SPARTANBURG, S.C. (WSPA) – The City of Spartanburg is battling blight by targeting derelict vehicles. City leaders say they’ve been getting an increased number of requests to enforce derelict vehicle laws in the public right of way and on private property.
“Every month at our monthly meetings we have someone complain about vehicles – not necessarily in our neighborhood – but on the way into our neighborhood,” said Beaumont Village Neighborhood Association President Joe Kowal. “It’s a nice, family oriented neighborhood that needs some improvements.”
Improvements like the city’s efforts to get rid of derelict vehicles. The city defines that as vehicles without a license plate, are inoperable, dismantled, or abandoned on private property. Kowal said a car on Gentry Street has been there for a long time and it shows.
“It’s gone by the wayside for years. We’re not talking months, we’re talking years,” said Kowal. “Finally it’s tagged and hopefully the people across the street, the people next to them, don’t have to see it anymore.”
It’s an issue Spartanburg’s Senior Code Enforcement Officer says they’re addressing city-wide along with police officers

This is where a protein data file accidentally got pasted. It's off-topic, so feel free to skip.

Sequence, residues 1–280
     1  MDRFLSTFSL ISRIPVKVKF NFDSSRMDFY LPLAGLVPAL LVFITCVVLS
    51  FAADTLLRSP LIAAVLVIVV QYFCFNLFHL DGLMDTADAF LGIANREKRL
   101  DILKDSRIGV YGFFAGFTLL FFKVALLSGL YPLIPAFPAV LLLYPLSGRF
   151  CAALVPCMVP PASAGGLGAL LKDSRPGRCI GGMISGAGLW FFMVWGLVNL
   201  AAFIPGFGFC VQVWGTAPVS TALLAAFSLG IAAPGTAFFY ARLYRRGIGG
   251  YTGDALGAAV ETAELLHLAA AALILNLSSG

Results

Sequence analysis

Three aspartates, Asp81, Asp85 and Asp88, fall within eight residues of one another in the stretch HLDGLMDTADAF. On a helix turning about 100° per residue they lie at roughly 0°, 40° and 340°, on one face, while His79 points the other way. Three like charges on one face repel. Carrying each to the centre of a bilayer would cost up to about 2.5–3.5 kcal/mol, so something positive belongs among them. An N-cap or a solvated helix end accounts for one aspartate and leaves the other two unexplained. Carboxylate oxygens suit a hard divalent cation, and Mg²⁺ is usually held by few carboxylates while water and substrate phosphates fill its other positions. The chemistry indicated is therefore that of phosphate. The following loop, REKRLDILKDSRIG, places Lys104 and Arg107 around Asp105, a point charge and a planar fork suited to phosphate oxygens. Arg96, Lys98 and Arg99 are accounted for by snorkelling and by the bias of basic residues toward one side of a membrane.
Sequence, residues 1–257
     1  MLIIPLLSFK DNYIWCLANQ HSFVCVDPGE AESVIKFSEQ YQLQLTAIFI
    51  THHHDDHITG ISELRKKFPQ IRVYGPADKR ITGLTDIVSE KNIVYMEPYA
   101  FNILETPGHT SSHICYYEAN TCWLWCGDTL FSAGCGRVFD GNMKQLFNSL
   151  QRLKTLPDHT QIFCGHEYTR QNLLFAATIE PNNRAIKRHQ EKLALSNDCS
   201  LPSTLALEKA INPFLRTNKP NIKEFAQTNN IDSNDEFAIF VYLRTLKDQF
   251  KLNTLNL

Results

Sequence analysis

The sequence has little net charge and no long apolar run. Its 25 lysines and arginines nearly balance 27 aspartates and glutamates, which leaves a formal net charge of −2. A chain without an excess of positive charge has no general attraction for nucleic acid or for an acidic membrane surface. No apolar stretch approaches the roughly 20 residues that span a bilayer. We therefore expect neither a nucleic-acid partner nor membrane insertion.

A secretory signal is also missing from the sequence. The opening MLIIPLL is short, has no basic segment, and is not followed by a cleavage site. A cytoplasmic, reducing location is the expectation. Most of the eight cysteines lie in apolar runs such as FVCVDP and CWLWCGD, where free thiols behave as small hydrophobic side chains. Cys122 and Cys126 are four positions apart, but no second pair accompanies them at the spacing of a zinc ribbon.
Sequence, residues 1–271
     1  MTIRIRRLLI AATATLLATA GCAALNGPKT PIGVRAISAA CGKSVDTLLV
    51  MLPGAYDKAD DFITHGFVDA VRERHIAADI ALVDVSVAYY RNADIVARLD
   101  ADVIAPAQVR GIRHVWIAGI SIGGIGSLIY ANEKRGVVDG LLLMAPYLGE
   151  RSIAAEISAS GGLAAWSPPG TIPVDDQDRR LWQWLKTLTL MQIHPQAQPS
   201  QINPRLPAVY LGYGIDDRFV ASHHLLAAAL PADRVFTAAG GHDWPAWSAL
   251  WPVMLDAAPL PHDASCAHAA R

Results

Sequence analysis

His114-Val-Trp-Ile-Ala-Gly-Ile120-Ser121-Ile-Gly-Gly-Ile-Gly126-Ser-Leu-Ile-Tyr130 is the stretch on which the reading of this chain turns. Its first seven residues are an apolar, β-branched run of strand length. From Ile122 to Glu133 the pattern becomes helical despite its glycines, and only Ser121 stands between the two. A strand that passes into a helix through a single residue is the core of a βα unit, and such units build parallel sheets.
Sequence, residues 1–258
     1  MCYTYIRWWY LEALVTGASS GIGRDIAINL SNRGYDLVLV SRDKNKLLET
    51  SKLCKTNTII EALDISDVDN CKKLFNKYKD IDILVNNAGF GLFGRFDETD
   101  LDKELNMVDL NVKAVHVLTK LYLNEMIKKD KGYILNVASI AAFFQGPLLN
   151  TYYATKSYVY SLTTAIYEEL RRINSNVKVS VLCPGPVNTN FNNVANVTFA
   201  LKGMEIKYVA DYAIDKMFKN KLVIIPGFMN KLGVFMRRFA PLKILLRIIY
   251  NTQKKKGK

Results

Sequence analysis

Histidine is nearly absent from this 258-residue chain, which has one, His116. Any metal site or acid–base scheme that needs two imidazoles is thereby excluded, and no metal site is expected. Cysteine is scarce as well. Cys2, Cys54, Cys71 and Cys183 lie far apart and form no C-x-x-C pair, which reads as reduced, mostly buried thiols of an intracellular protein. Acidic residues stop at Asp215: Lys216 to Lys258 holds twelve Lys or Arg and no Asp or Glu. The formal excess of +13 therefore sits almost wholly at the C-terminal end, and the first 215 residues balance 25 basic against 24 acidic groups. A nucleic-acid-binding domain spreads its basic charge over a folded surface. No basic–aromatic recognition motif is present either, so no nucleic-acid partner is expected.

“The ultimate goal here is to get compliance,” said Jeffery Tillerson, Senior Code Enforcement Officer. “The city of Spartanburg does not want to tow anybody’s vehicle.”
In Beaumont Village and the Northside, 79 vehicles have be tagged with a 15 day notice to fix the problem.
“What that shows us is that shows us is that there is a need,” said Tillerson. “When the neighborhood associations complain about derelict vehicles or when council members, city staff, management get complaints about vehicles in neighborhoods we came up with more of a proactive approach.”
The city is placing signs like these at different intersections to let residents know their neighborhood is next.
“They’re rusted; some don’t even have tires on them. They’re on blocks,” said Tillerson. “The goal of the city is to improve overall conditions [and] quality of life for the city of Spartanburg.”
Not all residents think it’s necessary. “I think there are other issues that need to be addressed more so than derelict vehicles,” said Beaumont Village Resident Scott Klein.
Kowal said for people on a fixed income, there are concerns they may not be able to afford to address the vehicle in 15 days.
The derelict definition doesn’t apply to vehicles stored in a garage or some type of building. Another exception is if people are making repairs or maintenance that’ll be completed in a certain amount of time.
“Right now we’re planning on going back out May 10th,” said Tillerson. “We’re targeting the woodland heights area and we’re doing the area around CC Woodson and Mary H. White Greenway on the Southside.”
The city is targeting two neighborhoods per month with the hope of addressing the entire city by the end of this year. At the end of the 15-day notice the issue can either get taken to court or the vehicle could be towed.